|Date||VI (501 - 600)|
|Origin and Provenance||
Written presumably in South Italy. Corrected in the sixth century at Aquino by a Dulcitius (see foll. 9v, 21), probably the Dulcitius recorded about 556–60. Later at Benevento. The manuscript was in Vienna in the last quarter of the eighteenth century when the Jesuit Joseph Benedict Heyrenbach made a careful transcript of most of the text (now Vienna L 9799). The main manuscript was presented to the Emperor Joseph II by Camillo IV, count of Colloredo, between 1793 and 1797; it was then bound up with Vienna L 903, Epistulae Pauli in Beneventan saec. X. The St Florian fragment came from Garsten after the dissolution of this convent under Joseph II; this fragment and one of the two fragments which were acquired by the Nationalbibliothek from Professor Hubert Marischka in 1954 (foll. 44 bis, 74 ter) were regarded as autographs of St Augustine according to eighteenth-century entries. The Barberini leaf was discovered by G. Mercati in 1901.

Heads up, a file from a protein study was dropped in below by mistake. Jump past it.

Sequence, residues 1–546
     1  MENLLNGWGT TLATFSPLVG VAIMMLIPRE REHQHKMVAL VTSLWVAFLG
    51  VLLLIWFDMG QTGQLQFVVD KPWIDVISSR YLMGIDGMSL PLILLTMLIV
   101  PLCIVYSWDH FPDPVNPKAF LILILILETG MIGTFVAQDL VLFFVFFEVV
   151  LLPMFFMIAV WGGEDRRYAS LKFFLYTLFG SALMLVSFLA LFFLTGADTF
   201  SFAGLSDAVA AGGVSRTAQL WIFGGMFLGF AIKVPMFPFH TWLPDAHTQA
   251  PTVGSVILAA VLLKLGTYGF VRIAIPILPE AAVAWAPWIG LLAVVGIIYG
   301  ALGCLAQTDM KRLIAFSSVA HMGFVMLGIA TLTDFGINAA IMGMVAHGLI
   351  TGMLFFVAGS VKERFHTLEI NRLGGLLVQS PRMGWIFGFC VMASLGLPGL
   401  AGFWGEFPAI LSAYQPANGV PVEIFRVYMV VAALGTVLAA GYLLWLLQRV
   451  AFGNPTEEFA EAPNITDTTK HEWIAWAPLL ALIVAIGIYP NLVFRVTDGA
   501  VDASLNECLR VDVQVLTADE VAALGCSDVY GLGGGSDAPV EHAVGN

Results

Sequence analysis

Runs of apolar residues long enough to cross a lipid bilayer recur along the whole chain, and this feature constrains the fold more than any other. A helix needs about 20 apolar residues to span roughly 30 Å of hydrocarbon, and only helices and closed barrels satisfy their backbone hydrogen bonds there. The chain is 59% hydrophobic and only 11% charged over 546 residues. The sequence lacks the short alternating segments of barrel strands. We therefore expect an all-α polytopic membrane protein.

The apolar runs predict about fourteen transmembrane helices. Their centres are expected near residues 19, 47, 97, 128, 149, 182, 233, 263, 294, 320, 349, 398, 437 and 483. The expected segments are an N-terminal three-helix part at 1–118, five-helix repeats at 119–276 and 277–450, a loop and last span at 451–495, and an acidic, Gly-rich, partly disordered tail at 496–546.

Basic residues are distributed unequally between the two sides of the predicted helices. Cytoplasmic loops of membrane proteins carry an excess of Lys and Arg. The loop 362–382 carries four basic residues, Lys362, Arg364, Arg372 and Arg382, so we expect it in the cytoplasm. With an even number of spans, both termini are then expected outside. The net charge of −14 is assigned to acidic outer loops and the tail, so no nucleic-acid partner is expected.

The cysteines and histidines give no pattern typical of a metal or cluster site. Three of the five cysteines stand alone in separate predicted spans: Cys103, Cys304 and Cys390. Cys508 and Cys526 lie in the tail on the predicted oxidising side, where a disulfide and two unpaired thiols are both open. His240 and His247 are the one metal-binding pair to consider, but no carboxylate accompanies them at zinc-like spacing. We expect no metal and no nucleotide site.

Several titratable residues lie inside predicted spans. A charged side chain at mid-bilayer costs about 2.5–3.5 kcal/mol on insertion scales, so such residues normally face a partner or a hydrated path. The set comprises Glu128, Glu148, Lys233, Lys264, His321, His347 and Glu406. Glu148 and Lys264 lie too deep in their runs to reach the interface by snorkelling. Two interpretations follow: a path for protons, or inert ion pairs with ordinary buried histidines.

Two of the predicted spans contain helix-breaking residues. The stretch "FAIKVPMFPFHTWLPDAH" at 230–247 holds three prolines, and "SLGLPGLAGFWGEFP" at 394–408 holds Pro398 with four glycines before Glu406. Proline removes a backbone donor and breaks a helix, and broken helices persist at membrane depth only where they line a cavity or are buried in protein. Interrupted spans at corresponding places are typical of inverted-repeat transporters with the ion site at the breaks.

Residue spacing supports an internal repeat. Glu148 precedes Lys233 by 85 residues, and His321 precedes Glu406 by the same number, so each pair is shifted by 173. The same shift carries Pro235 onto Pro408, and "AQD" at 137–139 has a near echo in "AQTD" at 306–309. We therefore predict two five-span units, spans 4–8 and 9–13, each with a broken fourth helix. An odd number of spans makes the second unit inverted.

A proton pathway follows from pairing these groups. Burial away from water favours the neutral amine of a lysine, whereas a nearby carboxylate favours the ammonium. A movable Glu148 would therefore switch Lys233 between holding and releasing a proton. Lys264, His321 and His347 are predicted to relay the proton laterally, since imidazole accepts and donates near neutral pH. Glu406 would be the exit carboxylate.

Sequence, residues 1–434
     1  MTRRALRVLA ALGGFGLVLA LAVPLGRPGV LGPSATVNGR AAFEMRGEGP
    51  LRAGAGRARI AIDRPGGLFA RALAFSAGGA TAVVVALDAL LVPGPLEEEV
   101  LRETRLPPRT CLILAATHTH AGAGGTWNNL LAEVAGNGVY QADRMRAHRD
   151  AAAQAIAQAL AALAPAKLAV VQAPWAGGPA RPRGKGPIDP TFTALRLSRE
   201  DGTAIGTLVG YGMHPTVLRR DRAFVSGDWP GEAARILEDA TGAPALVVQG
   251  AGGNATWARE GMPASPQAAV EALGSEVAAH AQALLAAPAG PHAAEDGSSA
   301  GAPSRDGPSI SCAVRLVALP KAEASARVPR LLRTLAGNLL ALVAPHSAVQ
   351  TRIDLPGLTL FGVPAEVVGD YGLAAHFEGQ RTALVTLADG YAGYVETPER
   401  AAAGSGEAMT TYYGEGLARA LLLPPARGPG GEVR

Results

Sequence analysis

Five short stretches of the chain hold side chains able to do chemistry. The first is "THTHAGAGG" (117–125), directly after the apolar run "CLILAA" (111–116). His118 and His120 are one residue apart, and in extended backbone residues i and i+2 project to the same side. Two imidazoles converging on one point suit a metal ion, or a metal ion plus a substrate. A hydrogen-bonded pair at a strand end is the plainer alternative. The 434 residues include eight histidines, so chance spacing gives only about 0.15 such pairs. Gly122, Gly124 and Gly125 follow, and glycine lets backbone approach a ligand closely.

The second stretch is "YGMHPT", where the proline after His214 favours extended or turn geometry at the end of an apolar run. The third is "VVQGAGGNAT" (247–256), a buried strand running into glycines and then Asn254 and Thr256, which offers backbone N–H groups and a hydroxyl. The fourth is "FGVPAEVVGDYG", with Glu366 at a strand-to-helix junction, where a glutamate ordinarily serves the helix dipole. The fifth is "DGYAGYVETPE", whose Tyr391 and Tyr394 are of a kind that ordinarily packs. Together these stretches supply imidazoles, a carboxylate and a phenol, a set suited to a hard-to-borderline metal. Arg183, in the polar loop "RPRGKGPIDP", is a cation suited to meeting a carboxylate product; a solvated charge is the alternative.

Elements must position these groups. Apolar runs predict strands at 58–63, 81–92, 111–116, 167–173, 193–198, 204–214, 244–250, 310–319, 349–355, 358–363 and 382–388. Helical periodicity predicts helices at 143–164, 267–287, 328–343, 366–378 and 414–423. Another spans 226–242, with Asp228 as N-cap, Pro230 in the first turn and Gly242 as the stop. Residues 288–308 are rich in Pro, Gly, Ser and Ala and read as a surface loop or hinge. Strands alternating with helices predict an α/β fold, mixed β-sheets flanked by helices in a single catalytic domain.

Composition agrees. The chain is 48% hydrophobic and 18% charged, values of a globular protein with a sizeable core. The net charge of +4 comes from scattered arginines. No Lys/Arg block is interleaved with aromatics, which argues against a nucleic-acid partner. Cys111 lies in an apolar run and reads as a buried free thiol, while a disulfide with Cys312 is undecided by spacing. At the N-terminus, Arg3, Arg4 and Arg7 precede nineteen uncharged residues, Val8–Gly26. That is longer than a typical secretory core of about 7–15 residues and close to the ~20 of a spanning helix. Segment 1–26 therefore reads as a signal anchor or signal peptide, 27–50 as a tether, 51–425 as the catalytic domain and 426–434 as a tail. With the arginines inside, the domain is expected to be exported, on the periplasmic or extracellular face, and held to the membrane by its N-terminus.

|TM Number||TM 60171|
|Contents||Hilarius Pictaviensis, De Trinitate (imperf.), Contra Arianos (imperf.).|
Script is an easy, leisurely half-uncial of an early type, with both 𐌾 and Ᵹ. Numerous corrections in sixth-century sloping uncial by Dulcitius. Other marginalia in fine sixth-century cursive. An early tachygraphical note on fol. 42v. An entry in large late uncial on fol. 88v. Some fourteenth century scribbles contain Italian names. A transcript of some sentences on fol. 38 is in the same fifteenth-century hand seen in Vienna MS L 903 in Beneventan script saec. X; this hand, according to A. Campana, was that of the librarian of the ‘ecclesia maior' of Benevento.
|Last modified||05 September 2018|